Art in the form of statues and Temple Nedu Neter Hieroglyphic writings played a significant role in Ancient Kemet, also known as ancient Egypt, as a means of propaganda to demonstrate the legitimacy of the ruling dynasties of Kemet.
The Art in Kemet portrayed the rulers as being blessed by the Neteru Deities of Kemet, and it was used to cement their rule, even going as far as creating new Deities to further the message of the rulers’ divinely ordained power.
Ancient Kemet was a highly spiritual society governed by Kemetic Spirituality, and Kemet’s, Law Art and Culture were intertwined with its religion.
Artistic expressions were used to portray the divine, and rulers were often depicted as being close to the Neteru, with some even being shown as reciving blessings from the Neteru or possessing some of the attributes of the Neteru themselves.
The rulers of Kemet thus believed that their rule was divinely ordained, and they used art to demonstrate this to their subjects.
One of the most prominent examples of this can be seen in the reign of Seti I, who ruled over Kemet from 1290-1279 BCE.
Seti I was a powerful Pharaoh, and he used art to portray himself as being chosen by the Gods to rule.
The Temple of Abydos, which was built during Seti I’s reign, contains several reliefs that depict the Pharaoh as being blessed by the Neteru.
One such relief depicts Seti I being baptised in the waters of life by the Neter Hapi who represented the Unity of the White and Blue River joining to form the Nile which was the lifeblood of Kemet.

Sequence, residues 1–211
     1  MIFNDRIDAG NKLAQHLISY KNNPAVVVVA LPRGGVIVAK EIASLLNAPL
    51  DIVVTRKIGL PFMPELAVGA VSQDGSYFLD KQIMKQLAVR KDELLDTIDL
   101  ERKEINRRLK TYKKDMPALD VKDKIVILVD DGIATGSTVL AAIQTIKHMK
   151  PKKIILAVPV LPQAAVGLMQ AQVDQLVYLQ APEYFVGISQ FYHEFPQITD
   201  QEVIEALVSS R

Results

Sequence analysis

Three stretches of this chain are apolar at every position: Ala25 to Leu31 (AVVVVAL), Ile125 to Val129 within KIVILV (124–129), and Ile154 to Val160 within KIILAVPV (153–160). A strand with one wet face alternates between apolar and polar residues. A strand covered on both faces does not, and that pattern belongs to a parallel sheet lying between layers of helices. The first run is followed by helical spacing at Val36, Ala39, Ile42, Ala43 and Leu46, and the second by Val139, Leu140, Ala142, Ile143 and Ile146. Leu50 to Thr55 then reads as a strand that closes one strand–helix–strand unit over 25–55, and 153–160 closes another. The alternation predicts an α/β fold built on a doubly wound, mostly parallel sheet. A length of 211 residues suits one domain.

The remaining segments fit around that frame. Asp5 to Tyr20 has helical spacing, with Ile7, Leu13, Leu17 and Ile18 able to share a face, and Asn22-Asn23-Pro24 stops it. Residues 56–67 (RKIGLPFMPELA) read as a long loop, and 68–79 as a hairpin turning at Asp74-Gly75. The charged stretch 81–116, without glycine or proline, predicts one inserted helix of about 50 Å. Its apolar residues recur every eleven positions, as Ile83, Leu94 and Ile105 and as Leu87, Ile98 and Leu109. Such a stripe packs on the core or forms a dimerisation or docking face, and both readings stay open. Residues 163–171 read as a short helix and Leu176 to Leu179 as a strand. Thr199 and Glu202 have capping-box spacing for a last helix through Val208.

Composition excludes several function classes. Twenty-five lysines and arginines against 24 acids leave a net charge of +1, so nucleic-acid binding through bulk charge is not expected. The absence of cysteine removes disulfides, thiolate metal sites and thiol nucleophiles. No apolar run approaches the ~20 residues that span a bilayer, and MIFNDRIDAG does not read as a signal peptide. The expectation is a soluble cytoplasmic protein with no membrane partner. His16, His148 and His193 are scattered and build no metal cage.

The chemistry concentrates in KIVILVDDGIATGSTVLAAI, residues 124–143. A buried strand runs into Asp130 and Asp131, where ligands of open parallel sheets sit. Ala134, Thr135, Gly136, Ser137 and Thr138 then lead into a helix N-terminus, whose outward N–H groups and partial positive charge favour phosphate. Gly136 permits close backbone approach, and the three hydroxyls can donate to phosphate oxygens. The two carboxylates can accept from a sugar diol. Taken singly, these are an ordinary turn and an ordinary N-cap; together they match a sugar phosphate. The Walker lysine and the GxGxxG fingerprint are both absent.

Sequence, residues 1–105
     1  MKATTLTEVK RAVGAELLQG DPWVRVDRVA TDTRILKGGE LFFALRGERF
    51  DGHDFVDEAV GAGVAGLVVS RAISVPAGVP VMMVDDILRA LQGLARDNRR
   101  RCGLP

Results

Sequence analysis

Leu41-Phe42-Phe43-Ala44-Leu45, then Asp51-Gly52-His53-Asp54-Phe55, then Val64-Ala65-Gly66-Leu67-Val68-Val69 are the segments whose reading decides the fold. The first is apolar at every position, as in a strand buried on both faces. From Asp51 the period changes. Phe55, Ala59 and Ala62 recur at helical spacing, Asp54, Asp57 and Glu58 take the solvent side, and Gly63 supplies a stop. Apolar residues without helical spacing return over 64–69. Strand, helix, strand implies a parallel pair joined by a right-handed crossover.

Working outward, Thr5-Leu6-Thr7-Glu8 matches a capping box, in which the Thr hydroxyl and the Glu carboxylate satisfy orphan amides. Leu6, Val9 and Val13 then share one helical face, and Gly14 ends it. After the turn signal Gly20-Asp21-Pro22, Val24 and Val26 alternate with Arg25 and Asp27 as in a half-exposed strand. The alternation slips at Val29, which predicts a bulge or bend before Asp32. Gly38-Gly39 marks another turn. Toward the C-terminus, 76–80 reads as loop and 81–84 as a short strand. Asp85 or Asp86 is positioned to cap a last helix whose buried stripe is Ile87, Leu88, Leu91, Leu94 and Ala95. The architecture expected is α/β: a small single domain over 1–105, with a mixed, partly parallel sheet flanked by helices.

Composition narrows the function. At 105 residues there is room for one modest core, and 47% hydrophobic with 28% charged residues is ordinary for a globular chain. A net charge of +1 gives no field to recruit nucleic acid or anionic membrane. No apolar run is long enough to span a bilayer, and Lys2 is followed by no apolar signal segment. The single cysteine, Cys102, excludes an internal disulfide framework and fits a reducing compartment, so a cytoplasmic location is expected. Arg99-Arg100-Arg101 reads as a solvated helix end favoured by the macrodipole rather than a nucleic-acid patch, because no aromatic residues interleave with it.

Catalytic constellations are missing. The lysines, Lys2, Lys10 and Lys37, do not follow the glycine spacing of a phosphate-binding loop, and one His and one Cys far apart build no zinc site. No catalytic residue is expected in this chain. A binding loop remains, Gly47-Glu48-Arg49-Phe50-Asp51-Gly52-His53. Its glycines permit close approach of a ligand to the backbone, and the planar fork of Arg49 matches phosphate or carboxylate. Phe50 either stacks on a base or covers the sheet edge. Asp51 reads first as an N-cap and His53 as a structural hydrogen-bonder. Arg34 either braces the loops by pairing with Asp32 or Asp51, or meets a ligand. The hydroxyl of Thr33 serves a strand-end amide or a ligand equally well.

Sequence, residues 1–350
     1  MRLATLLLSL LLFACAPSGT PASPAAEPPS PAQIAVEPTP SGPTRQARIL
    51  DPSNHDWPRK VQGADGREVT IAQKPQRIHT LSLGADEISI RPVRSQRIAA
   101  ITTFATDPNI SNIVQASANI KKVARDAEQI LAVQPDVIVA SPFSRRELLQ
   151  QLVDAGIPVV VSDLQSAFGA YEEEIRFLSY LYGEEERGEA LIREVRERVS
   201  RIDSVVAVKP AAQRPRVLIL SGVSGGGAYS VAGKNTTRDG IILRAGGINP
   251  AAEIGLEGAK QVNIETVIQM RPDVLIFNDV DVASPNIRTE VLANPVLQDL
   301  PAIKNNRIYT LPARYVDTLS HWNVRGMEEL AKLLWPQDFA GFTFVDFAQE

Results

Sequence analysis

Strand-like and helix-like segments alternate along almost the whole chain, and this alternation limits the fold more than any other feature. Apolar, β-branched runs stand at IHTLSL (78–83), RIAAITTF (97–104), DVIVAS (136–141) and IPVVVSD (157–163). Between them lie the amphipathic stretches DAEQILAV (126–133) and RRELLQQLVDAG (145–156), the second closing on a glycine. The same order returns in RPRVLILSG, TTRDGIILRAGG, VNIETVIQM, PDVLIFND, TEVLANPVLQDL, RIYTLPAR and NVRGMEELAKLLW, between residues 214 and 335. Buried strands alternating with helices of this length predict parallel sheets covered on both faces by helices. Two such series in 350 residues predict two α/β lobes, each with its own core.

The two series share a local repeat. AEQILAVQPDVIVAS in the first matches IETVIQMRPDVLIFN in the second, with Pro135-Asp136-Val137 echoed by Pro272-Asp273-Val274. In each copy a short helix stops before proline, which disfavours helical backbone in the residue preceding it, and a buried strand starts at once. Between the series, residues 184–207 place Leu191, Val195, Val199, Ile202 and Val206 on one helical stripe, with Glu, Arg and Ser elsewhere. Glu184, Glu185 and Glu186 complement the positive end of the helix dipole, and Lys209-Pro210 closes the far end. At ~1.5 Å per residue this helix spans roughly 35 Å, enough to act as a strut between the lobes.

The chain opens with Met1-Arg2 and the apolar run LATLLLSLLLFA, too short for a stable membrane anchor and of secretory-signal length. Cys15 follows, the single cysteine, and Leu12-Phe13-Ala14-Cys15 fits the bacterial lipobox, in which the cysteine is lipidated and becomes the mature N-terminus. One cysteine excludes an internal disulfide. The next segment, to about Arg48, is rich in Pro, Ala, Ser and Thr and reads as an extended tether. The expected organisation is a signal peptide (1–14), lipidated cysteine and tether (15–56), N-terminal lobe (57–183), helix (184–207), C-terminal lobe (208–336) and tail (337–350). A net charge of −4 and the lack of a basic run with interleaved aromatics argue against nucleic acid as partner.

The relief shows Seti I standing in a pool of water while Hapi pours water over him. The water is symbolic of the life-giving power of the gods, and the relief demonstrates that Seti I was blessed with Life by the Neteru who wished see him reign over Egypt in thier name.
Another relief in the Temple of Abydos shows Seti I being presented to the gods by the Deity Maat who represented truth and justice.
The use of art as propaganda was not limited to the Black Pharaohs of Kemet.
The Greek Ptolemaic Dynasty, which ruled over Kemet from 305-30 BCE, also used art to demonstrate its legitimacy. However, unlike the ancient pharaohs, the Ptolemaic rulers were not indigenous to Kemet. They were Greeks who had conquered Kemet and established themselves as rulers.
To cement their rule, the Ptolemaic rulers inserted themselves into Kemet’s monuments and art. They also created new deities that were a combination of Greek and ancient Egyptian deities. One such deity was Serapis, who was a combination of the Greek deity Zeus and the Egyptian deity Ausar.
Serapis was created to appeal to both Greeks and Egyptians and to demonstrate the Ptolemaic rulers’ divine power. The deity was often depicted as being a god of healing, and he was believed to be able to cure diseases and bring about fertility. The Ptolemaic rulers used Serapis to demonstrate that they had the power to heal and bring prosperity to Kemet.
However, the use of art as propaganda in ancient Kemet was not solely for the purpose of cementing the position of the ruling dynasties. It also embodied the spiritual principles of unity under the law of Maat that were the foundation of Kemet’s civilization.